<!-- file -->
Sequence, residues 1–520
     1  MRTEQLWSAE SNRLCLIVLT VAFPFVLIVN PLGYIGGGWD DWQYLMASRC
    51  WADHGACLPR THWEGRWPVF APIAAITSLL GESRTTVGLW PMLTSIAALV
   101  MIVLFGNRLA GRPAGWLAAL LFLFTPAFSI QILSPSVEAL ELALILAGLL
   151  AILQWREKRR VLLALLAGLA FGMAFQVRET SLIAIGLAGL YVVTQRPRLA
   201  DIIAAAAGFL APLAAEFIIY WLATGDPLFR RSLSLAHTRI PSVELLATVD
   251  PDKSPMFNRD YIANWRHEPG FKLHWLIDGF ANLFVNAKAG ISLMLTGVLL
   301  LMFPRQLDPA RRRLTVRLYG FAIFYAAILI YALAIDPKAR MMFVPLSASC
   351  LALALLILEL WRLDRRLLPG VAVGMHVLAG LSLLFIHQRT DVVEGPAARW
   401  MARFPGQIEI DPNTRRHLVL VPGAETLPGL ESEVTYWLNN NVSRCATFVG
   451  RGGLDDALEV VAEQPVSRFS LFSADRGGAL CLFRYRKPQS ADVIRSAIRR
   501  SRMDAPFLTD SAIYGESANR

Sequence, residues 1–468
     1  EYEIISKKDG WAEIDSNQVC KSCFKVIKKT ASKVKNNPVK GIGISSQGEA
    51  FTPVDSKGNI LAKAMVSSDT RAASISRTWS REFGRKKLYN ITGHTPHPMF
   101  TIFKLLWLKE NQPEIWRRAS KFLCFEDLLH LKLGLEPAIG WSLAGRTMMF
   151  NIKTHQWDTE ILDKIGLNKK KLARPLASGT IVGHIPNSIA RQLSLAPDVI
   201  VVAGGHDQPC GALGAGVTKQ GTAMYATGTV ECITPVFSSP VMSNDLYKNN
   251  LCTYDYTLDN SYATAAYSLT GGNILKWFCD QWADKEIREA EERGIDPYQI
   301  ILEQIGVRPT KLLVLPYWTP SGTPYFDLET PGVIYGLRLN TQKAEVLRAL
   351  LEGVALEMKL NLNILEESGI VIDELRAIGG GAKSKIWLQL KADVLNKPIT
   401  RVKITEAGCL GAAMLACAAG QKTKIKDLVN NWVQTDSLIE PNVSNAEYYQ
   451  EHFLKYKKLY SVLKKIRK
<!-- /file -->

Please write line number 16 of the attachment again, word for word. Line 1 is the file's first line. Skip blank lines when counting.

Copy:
   101  TIFKLLWLKE NQPEIWRRAS KFLCFEDLLH LKLGLEPAIG WSLAGRTMMF